Use this URL to cite or link to this record in EThOS: https://ethos.bl.uk/OrderDetails.do?uin=uk.bl.ethos.727639
Title: The development of solid fuels with reduced CO2 emissions
Author: Lenthall, Joanna
ISNI:       0000 0004 6425 1423
Awarding Body: University of Nottingham
Current Institution: University of Nottingham
Date of Award: 2015
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Abstract:
This research investigates the influence of pyrolysis on the properties of several biomasses in the context of heating fuel production for the first time. Laboratory-scale torrefaction, pilot-scale pyrolysis and product development trials have been conducted. Laboratory-scale tests found that torrefaction at 350°C for 30 minutes results in a reduction in volatile content of all investigated biomasses (pine, eucalyptus, hardwood, PKS, almond shell and olive stone) from approximately 80% to 30% indicating suitability for inclusion in smokeless fuels. Meanwhile an increase in gross heating value from 18 MJ/kg up to 28 MJ/kg and a concentration in carbon content indicate a shift in properties towards those similar to medium-ranked coals. Pilot-scale investigations reveal PKS as the preferred biomass for inclusion in domestic heating fuels. Following pyrolysis at 700°C PKS was found to exhibit superior mass and energy yields of 27% and 41%, respectively, when compared to olive stone, almond shell and hardwood. Additionally, thermogravimetric techniques have shown PKS chars to be the least intrinsically reactive with burnout times of 160 minutes following pyrolysis at 700 °C compared to only 15 - 30 minutes for equivalent almond shell, olive stone and hardwood chars. Product development trials indicate that briquetted fuels containing PKS char produced at 500°C possess better physical properties at all bio-char inclusion rates (30 - 100 wt. %). Open fire tests demonstrate that intrinsic char reactivity provides a good indication of combustion behaviour with briquettes containing PKS-derived chars resulting in fires lasting up to 100 minutes longer than those containing almond shell and olive stone chars. Finally, NMR investigations have demonstrated that torrefaction at 350°C results in an increase in aromatic carbon content of biomasses of up to 56% and in-situ NMR techniques have been used for the first time to follow the real-time high-temperature curing process of molasses.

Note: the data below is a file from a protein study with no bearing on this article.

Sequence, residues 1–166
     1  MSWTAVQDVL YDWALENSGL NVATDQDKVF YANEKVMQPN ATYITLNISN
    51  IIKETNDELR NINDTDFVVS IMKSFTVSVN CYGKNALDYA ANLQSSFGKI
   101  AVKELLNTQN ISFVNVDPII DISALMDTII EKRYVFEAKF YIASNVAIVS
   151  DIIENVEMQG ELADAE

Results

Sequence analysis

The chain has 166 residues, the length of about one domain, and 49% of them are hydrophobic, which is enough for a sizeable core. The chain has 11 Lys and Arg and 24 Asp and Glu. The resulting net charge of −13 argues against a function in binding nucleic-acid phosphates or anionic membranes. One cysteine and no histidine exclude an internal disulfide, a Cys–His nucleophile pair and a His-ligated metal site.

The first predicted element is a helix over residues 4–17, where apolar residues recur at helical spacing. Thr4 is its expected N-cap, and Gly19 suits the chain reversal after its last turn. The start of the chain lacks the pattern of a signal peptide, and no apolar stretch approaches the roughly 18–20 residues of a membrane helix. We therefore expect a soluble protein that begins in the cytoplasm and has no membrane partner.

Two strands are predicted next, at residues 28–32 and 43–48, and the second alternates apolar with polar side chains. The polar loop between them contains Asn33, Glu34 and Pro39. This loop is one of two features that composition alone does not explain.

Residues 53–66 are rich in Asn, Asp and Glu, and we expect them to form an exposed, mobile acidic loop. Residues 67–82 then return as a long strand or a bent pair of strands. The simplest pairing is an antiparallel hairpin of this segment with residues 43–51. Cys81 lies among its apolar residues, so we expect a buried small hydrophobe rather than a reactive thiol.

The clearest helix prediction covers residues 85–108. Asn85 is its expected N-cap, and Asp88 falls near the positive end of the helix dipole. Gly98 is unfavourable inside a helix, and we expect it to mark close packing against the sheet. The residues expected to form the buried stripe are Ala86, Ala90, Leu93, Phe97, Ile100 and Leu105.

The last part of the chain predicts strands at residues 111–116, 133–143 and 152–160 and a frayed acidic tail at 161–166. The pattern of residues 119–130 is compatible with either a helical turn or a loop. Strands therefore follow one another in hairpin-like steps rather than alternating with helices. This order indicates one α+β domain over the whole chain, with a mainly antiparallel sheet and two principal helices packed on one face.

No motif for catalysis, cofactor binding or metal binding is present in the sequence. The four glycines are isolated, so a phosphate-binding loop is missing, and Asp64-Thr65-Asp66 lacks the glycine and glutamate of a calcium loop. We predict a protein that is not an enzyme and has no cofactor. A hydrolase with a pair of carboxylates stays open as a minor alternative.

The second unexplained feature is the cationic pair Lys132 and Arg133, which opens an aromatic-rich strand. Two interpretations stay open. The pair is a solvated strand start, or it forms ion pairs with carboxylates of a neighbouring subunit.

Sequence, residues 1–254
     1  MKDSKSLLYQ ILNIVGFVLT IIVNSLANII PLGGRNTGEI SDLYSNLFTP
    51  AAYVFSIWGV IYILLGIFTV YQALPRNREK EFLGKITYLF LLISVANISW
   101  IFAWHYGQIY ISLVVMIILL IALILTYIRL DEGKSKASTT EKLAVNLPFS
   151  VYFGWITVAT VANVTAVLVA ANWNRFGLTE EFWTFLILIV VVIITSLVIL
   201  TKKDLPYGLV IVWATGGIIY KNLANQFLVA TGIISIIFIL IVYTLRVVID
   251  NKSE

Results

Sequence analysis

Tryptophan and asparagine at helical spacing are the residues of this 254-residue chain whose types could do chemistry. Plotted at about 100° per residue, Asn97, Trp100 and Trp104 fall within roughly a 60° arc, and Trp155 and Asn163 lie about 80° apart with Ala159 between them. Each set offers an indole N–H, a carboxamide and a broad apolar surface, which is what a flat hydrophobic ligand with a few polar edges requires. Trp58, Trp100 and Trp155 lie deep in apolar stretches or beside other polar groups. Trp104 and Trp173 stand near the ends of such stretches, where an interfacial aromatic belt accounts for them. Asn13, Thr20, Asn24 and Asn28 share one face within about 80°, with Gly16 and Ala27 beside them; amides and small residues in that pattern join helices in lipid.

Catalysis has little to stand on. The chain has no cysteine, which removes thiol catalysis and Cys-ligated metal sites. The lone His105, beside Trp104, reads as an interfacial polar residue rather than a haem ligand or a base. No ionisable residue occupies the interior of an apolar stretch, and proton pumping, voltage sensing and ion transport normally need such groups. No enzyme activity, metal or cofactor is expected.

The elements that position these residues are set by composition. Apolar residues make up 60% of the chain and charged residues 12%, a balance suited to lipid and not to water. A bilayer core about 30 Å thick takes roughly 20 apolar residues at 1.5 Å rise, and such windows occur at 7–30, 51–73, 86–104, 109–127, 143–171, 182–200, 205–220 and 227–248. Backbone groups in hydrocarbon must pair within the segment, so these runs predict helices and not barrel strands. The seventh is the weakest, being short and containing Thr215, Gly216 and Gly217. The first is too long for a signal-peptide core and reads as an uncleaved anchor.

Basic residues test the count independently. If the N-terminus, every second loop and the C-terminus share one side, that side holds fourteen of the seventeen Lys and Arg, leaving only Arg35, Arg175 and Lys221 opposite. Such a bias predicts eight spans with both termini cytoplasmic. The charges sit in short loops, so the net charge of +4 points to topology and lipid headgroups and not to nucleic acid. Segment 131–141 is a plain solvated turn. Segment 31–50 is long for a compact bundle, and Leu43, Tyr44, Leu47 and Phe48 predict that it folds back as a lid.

Supervisor: Not available Sponsor: Not available
Qualification Name: Thesis (D.Eng.) Qualification Level: Doctoral
EThOS ID: uk.bl.ethos.727639  DOI: Not available
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